It was such a long conversation that only one thing could end it; a service
at Worship Harvest KatiKati.
It all began with the question I asked Persis Babirye, that Friday evening, of what people look out for in church.
In her reply, she summed it up this way,
“In my church, it’s about love, care, worship, prayer and good people”.
I wanted to see these good people and how they do what they do.
At church, I had a coincidental arrival with a friend, Kayihura who is a member of the church who was delighted to see me come to “his” church. Past the gate to the Katikati was Esther. She hugged me. She too was surprised to see me at “her” church.And at the entrance to the hall, it was a transition from the 9 o’clock service which Justine had attended to the 11 O’clock.
Justine screamed out my name, running to me with a tighter embrace. Third hug in less than five minutes.
One thing struck me; everyone was talking to someone at least. And my dress code was not a disappointment. The day before, Saturday 5th September 2015, had been the Transformers Conference organised by the same church at the Naalya branch. There, my dress code mismatched that of the hosts.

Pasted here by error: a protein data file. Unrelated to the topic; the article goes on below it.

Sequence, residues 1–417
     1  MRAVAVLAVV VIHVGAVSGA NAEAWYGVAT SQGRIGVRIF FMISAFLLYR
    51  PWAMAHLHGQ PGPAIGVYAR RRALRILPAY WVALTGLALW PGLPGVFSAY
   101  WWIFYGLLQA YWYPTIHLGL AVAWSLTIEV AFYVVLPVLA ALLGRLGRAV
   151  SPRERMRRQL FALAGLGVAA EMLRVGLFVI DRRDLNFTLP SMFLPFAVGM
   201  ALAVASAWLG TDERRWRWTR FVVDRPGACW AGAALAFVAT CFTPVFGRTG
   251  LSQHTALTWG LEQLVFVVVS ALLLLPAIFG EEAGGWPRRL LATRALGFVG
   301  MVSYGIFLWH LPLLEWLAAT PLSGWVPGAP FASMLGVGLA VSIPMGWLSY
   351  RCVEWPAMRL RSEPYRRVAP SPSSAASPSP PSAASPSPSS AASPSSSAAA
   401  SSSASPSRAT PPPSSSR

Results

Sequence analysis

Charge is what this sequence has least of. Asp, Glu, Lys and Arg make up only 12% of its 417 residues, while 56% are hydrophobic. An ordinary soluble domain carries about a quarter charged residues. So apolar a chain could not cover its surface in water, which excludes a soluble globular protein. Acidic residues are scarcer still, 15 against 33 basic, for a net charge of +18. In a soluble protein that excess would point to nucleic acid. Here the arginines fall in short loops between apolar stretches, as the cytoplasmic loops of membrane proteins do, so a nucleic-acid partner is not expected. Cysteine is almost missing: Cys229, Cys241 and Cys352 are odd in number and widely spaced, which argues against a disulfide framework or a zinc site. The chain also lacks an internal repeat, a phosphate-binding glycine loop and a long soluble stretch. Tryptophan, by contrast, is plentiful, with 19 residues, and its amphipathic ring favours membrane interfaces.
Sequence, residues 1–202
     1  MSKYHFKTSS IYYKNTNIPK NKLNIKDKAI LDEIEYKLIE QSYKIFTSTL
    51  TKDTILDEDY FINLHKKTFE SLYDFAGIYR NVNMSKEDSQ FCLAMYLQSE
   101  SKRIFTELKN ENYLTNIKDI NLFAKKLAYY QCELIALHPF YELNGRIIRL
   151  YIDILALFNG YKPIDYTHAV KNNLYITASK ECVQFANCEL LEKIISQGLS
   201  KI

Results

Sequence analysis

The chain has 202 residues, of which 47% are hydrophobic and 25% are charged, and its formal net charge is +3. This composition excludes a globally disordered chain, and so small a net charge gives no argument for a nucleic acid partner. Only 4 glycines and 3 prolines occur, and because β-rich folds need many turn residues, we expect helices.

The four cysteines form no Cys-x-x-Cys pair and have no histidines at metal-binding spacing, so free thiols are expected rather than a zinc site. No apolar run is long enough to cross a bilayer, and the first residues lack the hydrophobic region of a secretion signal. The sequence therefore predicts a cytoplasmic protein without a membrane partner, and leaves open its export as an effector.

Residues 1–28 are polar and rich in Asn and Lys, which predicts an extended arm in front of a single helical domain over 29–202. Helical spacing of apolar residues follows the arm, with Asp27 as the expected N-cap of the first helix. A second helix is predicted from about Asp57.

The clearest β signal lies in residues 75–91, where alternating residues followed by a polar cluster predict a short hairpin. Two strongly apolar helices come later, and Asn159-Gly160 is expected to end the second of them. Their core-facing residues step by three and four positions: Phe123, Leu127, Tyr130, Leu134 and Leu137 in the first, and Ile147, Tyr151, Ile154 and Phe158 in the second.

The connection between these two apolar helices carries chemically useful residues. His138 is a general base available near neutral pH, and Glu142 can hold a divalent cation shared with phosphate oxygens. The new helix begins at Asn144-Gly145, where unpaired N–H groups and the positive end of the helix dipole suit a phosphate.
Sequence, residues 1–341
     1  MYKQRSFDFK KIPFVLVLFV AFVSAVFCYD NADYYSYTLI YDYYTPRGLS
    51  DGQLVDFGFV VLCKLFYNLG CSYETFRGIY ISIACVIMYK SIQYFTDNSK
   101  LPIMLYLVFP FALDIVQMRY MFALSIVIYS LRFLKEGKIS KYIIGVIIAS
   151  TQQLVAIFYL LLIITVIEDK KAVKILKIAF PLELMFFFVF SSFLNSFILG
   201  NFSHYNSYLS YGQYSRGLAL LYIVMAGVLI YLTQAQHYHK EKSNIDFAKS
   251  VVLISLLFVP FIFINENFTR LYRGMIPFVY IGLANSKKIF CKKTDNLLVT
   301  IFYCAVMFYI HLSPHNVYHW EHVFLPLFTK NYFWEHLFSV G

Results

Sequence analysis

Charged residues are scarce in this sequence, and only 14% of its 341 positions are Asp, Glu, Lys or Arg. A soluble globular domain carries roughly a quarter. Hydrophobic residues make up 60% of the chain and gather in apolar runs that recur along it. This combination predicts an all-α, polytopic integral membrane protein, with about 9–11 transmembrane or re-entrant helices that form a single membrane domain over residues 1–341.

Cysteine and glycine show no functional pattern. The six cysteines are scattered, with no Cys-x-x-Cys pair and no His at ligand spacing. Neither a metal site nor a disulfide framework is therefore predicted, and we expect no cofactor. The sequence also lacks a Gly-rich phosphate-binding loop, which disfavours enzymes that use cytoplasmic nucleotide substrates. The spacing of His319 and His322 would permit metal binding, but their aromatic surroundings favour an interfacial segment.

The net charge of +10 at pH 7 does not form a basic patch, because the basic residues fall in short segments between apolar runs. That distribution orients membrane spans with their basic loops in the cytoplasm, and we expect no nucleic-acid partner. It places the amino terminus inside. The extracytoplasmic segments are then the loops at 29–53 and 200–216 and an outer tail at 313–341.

The congregants at Worship Harvest drape those cool t-shirts and jeans just like their pastors.This, I think, is what Jeremy Byemanzi meant when he said, “Church begins on Monday and Sunday is Service.The worship was on point with the help of a live band. I missed the moment of prayer lost in the worship.
Beatrice Byemanzi was the day’s preacher. She shared the story of her life in the sermon drawing from Moses Mukisa’s book Called To Greatness.
Pastor Worship Harvest, Katikati
Growing up an orphaned girl, she never thought God would lift her to such high levels as being a pastor at this church.
“Apply wisdom to everything that you do, a soft togue can break the hardest bone,” Beatrice Byemanzi
I found myself drowned in her story as I reflected on mine. And many others did, not with the silence that was looming so loud in the congregation.
At the end of the service, we’re treated to a soft drink break which I was told is the culture of the church. It reminded me of that family that eats together and prays together that always stays together.
These guys bond. I lost count of how many hugs I received on that day.
Worship Harvest is their church. They always refer to it as “my”| “our” church.
KatiKati is one of the branches of the Worship Harvest Ministries headquartered at Naalya by Moses Mukisa. They have other branches in Gayaza, Entebbe and Jinja.
They are in the process of raising funds to build their own church; a cause to which they are committed.
I can disagree with Persis no more. There is a warmth of love and life in this church. I will have to definitely come again even when not invited.
(Photo credit, Martha)